DIA renovation leaves employee futures uncertain

Last Friday, more than 50 food and retail workers wearing red “Am I fired?” t-shirts rallied at Denver International Airport to demand transparency and job security in the face of a looming airport renovation project. The rally was organized by Unite Here Local 23, a local chapter of a national airport workers union.

In July, DIA selected a consortium of contractors, led by Spanish-based operator Ferrovial Airports, to renovate and develop the airport’s Jeppesen Terminal. The public-private partnership also includes Saunders Construction, the Colorado-based company responsible for renovating the Union Station redevelopment area and the Denver International Airport Hotel and Transit Center.

The development plan, called “the Great Hall Project,” is still in a six-month pre-development phase, during which specific details regarding the terminal’s construction and business operations will be decided. Ferrovial and its team will receive up to $9 million from the city for the plans and designs they develop during this phase alone.

Ultimately, the project will reconfigure and upgrade the airport’s terminal, which has both east and west sides. The remodel will relocate and expand the TSA screening areas, develop new check-in areas and create more spaces for shopping and food service. The project is intended to better optimize space and efficiency. Once the contract is finalized, Ferrovial will both construct and operate the new terminal.

Neither Ferrovial nor DIA has announced specific plans for the airport’s current restaurant and retail employees, who are alarmed at the lack of information.

Abel Villa, who currently works as a bartender, has worked several jobs at DIA for almost 18 years, including an airline cabin supervisor, a restaurant manager and a server.  “DIA has become my second home,” he said.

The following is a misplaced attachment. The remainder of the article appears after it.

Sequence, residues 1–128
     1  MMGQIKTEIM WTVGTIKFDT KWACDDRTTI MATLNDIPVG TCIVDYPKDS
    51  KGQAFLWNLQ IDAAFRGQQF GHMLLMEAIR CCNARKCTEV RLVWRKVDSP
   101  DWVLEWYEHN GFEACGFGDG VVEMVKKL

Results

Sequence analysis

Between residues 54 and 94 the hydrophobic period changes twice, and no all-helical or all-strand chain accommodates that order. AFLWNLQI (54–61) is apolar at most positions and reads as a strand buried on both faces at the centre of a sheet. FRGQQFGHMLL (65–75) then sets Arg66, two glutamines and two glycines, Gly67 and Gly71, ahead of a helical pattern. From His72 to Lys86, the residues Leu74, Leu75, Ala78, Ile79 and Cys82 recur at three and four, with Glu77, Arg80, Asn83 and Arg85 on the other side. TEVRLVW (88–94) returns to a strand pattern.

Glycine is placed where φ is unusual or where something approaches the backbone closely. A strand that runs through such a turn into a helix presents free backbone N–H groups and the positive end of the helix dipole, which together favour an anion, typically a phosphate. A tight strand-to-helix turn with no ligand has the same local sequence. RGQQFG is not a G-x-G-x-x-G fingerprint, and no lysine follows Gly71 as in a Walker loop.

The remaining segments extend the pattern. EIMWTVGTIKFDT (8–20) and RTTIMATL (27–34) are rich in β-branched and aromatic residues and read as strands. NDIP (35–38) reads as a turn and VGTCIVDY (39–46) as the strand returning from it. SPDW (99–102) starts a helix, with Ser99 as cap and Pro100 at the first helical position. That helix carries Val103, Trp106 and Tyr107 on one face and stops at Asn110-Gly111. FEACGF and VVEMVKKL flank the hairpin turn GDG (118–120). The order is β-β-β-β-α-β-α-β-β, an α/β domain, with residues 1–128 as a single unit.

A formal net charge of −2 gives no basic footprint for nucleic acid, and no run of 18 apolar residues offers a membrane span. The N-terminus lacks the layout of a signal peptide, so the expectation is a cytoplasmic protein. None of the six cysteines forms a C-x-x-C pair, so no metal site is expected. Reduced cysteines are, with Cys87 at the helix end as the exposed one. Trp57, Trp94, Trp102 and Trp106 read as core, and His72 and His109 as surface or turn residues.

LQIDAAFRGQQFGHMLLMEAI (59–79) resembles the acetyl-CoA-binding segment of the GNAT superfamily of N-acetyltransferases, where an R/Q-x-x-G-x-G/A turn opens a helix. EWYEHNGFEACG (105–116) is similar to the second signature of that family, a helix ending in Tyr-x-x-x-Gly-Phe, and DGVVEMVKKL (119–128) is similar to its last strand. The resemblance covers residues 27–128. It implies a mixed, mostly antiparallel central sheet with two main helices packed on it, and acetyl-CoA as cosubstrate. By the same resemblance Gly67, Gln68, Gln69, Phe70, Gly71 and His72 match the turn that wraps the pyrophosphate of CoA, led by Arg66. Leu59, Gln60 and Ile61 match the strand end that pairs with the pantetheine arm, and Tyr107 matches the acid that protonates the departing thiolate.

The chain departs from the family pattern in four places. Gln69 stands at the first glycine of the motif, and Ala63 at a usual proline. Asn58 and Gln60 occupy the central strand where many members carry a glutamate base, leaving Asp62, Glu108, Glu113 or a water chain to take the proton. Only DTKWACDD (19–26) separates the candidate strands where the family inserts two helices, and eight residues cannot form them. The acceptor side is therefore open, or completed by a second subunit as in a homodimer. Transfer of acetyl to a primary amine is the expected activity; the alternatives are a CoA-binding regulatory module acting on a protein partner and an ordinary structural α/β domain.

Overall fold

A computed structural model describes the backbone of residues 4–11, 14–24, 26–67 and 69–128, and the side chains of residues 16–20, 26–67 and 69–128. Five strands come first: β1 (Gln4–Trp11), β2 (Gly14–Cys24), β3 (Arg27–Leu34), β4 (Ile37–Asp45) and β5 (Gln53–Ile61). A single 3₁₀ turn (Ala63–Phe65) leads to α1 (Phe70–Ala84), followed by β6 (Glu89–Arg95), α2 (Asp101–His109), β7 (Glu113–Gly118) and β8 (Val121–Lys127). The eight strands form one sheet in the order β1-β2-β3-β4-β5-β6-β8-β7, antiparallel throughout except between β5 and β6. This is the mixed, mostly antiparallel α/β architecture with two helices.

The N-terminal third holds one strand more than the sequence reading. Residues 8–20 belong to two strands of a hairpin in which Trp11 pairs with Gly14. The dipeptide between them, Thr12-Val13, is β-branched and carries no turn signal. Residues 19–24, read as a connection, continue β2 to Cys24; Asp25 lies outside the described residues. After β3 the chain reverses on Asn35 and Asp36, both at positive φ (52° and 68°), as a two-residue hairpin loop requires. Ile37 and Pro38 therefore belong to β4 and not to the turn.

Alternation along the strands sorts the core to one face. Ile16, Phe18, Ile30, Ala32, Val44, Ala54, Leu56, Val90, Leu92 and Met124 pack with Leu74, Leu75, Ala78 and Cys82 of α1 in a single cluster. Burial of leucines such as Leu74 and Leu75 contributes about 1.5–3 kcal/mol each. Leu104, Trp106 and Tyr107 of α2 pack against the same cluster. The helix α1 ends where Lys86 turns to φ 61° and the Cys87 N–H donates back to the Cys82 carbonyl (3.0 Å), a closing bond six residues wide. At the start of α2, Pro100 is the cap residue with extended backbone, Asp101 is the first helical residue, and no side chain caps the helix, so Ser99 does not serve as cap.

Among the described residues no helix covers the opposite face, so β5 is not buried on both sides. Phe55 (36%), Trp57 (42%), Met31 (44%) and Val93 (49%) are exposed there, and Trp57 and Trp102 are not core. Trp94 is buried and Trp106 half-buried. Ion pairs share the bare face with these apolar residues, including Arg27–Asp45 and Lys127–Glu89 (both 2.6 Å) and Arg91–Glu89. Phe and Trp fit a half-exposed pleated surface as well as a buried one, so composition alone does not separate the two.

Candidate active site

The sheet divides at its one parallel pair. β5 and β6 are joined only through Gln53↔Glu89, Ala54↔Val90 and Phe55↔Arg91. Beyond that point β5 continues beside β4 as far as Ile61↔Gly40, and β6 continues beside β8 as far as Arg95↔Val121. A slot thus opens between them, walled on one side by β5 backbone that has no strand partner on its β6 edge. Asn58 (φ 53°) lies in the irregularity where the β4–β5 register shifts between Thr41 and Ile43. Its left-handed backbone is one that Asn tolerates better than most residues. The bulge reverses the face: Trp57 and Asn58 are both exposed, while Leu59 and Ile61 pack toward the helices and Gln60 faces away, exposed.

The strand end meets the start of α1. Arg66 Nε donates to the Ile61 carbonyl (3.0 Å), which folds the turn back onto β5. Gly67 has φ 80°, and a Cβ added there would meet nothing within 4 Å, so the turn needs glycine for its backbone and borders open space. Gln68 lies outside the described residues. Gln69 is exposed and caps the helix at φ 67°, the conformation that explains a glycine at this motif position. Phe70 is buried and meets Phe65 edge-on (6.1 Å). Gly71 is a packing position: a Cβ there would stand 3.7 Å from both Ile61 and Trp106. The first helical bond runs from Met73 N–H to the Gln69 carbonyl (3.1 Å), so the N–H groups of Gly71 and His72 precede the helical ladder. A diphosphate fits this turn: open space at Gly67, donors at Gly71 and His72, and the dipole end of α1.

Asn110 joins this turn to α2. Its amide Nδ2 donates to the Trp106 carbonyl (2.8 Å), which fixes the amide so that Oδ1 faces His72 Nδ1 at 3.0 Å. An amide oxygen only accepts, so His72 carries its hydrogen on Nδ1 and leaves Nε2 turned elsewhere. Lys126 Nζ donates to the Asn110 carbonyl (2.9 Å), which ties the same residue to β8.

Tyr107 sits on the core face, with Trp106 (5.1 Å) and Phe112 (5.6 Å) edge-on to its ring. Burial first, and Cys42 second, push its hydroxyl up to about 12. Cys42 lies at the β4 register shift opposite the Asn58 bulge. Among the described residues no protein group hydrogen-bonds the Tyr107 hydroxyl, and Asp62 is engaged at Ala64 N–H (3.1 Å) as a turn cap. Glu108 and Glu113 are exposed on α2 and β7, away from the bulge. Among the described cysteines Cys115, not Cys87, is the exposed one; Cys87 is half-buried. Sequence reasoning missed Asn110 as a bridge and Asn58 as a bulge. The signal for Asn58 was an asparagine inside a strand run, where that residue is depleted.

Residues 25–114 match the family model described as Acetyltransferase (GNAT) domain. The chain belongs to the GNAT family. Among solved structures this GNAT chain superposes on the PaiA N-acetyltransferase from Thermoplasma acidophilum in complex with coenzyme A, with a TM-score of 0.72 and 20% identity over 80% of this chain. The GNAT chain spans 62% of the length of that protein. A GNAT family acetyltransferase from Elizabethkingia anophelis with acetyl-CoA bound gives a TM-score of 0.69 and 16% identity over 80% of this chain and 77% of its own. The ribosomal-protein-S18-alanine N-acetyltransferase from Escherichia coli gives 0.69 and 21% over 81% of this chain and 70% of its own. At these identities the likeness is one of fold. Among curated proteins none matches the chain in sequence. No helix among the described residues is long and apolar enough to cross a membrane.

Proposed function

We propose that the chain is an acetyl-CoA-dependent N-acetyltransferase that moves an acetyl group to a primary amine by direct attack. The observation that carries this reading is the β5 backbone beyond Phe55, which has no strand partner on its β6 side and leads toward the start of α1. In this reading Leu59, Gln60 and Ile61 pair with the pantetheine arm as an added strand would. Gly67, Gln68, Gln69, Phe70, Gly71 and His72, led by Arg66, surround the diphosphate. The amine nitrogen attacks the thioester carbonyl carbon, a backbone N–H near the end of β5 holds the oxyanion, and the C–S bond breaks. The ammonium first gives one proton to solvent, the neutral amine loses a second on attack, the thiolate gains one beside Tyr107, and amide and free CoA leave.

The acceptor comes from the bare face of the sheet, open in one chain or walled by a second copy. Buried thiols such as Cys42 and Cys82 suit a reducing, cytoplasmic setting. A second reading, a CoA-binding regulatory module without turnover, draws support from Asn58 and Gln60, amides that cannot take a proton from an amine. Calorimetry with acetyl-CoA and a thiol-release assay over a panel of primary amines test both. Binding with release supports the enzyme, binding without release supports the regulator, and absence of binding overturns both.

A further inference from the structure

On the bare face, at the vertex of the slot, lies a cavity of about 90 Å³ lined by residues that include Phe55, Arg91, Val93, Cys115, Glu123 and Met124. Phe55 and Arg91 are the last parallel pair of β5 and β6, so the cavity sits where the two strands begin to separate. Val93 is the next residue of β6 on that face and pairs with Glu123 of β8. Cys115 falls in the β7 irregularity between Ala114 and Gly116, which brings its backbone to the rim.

When murmurs of DIA’s renovation plan started bubbling up among workers about four months ago, Villa began to worry about his future at the airport. He doesn’t know how long the renovation is going to take; all he knows is that all businesses inside the terminal will be closed during construction. Worse, Villa doesn’t even know if he is going to be able to work at DIA again after the project is completed.

“I do understand things change over time, things need to be modernized. And I’m not against that,” Villa said. But he is wary of being laid off: Losing his job in his home country of Mexico is what originally led him to seek work in the United States. Of his job security at DIA, he says, “We still haven’t heard anything from them yet, and that worries me.”

Adam Yalowitz, a senior research analyst for the Unite Here union, told The Independent that the privatization of the main terminal is “unprecedented.” DIA is essentially giving up control over which restaurants will stay in business, he said, and “workers want to make sure they don’t lose their jobs.”

Critics of the project have also raised concerns about transparency. A recent article by the Denver Post Editorial Board criticized DIA for “keeping too many secrets” on a makeover plan that is expected to cost millions of dollars.